Ubu Roi was another standout role for her because she says she didn’t “get it” and told the directors not cast her in it. Luckily they didn’t listen to her and cast her anyway. “It was one of the greatest experiences of my life” Strang exclaims. “Julia (Rodriguez-Elliot) directed and she was so imaginative! I got to wear this fat suit with these big, wonderful breasts, and swing from a lamp pole, sing on a piano, go into the audience and sit on people’s laps…it was a bizarre, wild experience and it brought home to me the idea that you don’t know what’s on the other side of that door. So just say yes!”
One of her most profound experiences at ANW was doing William Inge’s “Come Back Little Sheba”. “Something about the people in his plays has always moved me so strongly,” she explains, “and on that one I got to do with Julia directing, Geoff (Elliott) played my husband, and it brought up so much of my own background, my own memories. It touched me deeply.”
Now she’s taking on the role of the Countess in Shakespeare’s “All’s Well That Ends Well”, a role she’s always known she would love to play. “Helen is a spunky young woman” says Strang of the main character played by Erika Soto, “who, even though she’s a little bit lower class than everybody else, falls in love and decides to pursue the guy she wants against all odds. It’s a very modern story. The Countess is the mother of the young man that Helen pursues but she’s also adopted and taken care of Helen so she has these two relationships, with her son who she adores and this spunky young woman who she adores as well. It’s hard for her to know which one is dearer to her. And although her son, Bertram, doesn’t behave well – her son is her son and Helen doesn’t really have the right credentials to marry her son. So who does she support? That is her personal dilemma in the play.”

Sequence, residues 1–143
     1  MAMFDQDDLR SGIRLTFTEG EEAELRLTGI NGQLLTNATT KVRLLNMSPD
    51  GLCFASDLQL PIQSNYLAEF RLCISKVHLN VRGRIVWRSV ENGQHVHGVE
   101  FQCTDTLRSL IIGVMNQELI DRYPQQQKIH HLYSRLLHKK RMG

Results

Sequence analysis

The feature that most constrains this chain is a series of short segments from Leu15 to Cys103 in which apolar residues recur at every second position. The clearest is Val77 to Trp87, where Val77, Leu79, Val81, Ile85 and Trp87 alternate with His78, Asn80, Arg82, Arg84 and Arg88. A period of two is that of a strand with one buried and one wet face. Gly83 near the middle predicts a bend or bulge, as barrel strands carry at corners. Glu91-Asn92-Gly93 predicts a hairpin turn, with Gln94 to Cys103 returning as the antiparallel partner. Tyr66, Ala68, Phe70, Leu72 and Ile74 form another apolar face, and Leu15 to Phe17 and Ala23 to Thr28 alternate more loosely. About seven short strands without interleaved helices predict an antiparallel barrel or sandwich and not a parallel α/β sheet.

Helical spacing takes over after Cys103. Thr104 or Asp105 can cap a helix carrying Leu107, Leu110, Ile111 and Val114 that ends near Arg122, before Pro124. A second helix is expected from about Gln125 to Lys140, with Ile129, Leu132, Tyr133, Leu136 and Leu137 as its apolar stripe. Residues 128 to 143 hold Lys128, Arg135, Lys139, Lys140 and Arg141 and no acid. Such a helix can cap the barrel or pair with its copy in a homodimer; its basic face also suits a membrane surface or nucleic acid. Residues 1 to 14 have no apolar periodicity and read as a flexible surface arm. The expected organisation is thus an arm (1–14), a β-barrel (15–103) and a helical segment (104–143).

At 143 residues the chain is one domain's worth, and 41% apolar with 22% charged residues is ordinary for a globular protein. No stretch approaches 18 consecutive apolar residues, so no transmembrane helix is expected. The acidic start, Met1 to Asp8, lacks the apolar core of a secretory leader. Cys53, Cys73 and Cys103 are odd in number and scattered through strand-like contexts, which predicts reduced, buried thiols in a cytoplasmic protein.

Strang knew she would love the role but says it’s been even more exciting than she thought it would be. “The play starts with her grieving her husband and her son is going off to be a ward of the king, but even in that moment of grief, she’s excited for the son, she’s excited to be in charge of her household. There is a joie de vivre that she has.” Strang points out that with Shakespeare you have a lot of father figures and frequently the mother is missing or dead. “So it’s very interesting in this play that the mother is very present.”
Strang hopes audiences have a really good time and believes they will. “What we’re finding so far is that people are just so happy to be back out again. We have patrons coming back into the space for the first time in two years; seeing our house manager Melody, who is a fixture here, seeing her again is exciting, seeing people excited to come back to their usual seats.” It’s a sumptuous production with a cast full of many ANW resident artists. “For people to see all of us together on stage is really exciting and the surprising thing I think they will find is that people don’t expect to enjoy this particular play. It’s thought of as a “problem play” because of the despicable young man pursued by a really intelligent, interesting woman and people have a problem with that, even though we see that all the time don’t we?” Strang says with a laugh. “But I think (director) Nike Doukas’ take on it reveals new things about it and people are finding they understand it for the first time and are finding it funny for the first time.”
“Every single day is a new discovery” says Strang of the rehearsal process. “This is my first time working with Nike – I’ve known her for 30 years – she is very imaginative and is one of those wonderful directors who directs by asking questions. She’s totally collaborative so we’re constantly playing with it and making new discoveries.” Fellow resident artist, Soto, joined the company five years ago and has played Deborah’s daughter in four plays. “We’ve got the mother daughter thing down at this point,” says Strang, “she’s so much fun, always present. We were doing one scene and doing it the way we had been doing it from the beginning, and then one day it was like wait a minute, this doesn’t feel right. “Let’s try this”, Erika says. And so we start swinging it around, doing it a different way, and just… sparks and excitement and Nike loved it. I have so much respect for both of them so I think the three of us just playing with each other has been the most exciting part of doing this play and it’s been magical.”
Single ticket prices for All’s Well That Ends Well start at $25 and are available at anoisewithin.org, by phone at 626-356-3121, and at the box office located at 3352 East Foothill Blvd in Pasadena, Calif.